Like so many travelers, Cheryl Emerson had second thoughts about her upcoming trip to Europe this summer. But then an Expedia booking mistake made an uncertain situation even more uncertain, and she wants to know how to fix it.
Marvin Payne believes he’s uncovered the most expensive car rental pricing mistake ever, and I think you might agree. Several weeks after returning his most recent vehicle, he got the shock of his life — a $6,000 upcharge.
The problem is, even three months down the road, Payless Car Rental won’t correct or even acknowledge its error.
Now Payne is hoping that the Elliott Advocacy team can fix this outrageous mistake. (Reprint)
Beth Mowery just had the worst car rental experience of her life, and she wants you to know about it.
When you rent a car, you probably assume you’ll only pay for your own rental. But several days after Mowery returned her last rental car, she received a nearly $1,000 upcharge. As it turns out, Hertz billed her for someone else’s rental. What followed was a series of careless mistakes that the car rental company refused to acknowledge or correct. And each mistake was more frustrating than the last.
Now Mowery hopes the Elliott Advocacy team can help fix these errors and retrieve her money.
Did Overseas Adventure Travel or another tour company promise you a refund during the pandemic and then renege later? If so, you’re certainly not alone. One of the most frequent complaints we’re fielding involves tour operators changing contract terms after the coronavirus cancellation wave began.
The good news? One of the top tour operators has recently changed its stance once more — this time, in favor of its customers. If you’ve been battling for a refund from Overseas Adventure Travel or Grand Circle during the pandemic, you’re in luck. (Reprint)
Lee Smith believes she just had the worst Airbnb experience ever. And after you hear — and see — what she (and her cat) endured during the past month, I think you might agree.
Her tale is a harsh reminder of the risky nature of shared-space rentals. Smith assumed the Airbnb host had properly vetted the man with whom she would be sharing an apartment. Unfortunately, that doesn’t appear to be the case.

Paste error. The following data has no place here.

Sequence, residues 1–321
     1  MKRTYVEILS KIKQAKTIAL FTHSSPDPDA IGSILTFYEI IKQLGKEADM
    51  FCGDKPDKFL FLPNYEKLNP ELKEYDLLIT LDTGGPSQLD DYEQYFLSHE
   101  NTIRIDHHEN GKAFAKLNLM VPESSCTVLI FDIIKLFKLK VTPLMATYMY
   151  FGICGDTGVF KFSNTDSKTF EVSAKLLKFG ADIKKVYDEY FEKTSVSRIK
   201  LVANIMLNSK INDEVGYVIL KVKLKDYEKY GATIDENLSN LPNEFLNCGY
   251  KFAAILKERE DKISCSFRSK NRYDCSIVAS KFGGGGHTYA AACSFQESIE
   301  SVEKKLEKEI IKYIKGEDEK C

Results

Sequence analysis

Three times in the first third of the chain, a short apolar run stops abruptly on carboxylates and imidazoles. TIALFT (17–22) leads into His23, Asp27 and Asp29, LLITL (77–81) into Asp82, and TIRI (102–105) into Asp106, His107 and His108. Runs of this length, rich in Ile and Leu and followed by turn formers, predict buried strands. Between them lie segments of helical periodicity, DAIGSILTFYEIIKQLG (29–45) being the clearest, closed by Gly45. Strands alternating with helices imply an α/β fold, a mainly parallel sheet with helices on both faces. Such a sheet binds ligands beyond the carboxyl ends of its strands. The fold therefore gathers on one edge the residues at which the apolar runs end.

If your vacation rental host asks you to pretend not to be a guest during your stay, would you?
That’s the odd situation that confronted Josephine Avina last July when her family planned a short trip during the pandemic. But pretending not to be guests wasn’t the only thing the host wanted the Avinas to do. She also expected them to be OK with living in the remnants of a bachelorette party held the night before.
As you’ve probably already guessed, the Avinas with their two small children in tow weren’t OK with any of it. They promptly asked for a refund and took off for a hotel. And although the owner agreed to return their rental payment, it’s eight months later and the Avinas are still waiting.
Now, after a failed credit card dispute over the missing refund, the Elliott Advocacy team is the family’s last hope. (Reprint)
The host of Carl Baeuerlen’s planned Airbnb vacation rental offered him a refund last May because of the pandemic. But Airbnb says he can’t get his money back. What’s going on here?
Paul Trosclair says he just spent nearly two grand on a vacation rental that does not exist. To make matters worse, Vrbo sided with the person he believes is a thief disguised as a host.
Now Trosclair hopes the Elliott Advocacy team can prove this vacation rental is nonexistent and get his money back.
But can we do it?
All Melanie Brown wanted was a refund for a destination wedding in Belize last summer. All she got was excuse after excuse after excuse.
It’s something else to keep in mind one year after the COVID-19 pandemic sank large segments of the travel industry. Salvaging your refund may mean navigating an excuse factory that hotels and other companies have hastily built to keep your money.
Brown’s experience is also instructive because it’s a map that shows you how to bypass these bogus reasons for pocketing your deposits — whether it’s a refund for a destination wedding or just a hard-earned vacation.
If you’re planning a vacation rental stay, you need to do one thing before you kick off your shoes and unpack — if you don’t want to end up with surprise cleaning fees. Grab your phone and start taking pictures.
Lots of pictures.
I speak from personal experience. I just checked out of a vacation rental and got broadsided with one of the most outrageous cleaning fee claims in my career. More on that in a minute.